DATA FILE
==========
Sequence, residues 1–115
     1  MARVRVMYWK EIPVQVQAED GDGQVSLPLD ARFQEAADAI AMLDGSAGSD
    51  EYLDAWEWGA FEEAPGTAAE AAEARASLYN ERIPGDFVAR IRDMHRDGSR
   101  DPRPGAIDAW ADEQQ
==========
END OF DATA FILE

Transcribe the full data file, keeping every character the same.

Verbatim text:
Sequence, residues 1–115
     1  MARVRVMYWK EIPVQVQAED GDGQVSLPLD ARFQEAADAI AMLDGSAGSD
    51  EYLDAWEWGA FEEAPGTAAE AAEARASLYN ERIPGDFVAR IRDMHRDGSR
   101  DPRPGAIDAW ADEQQ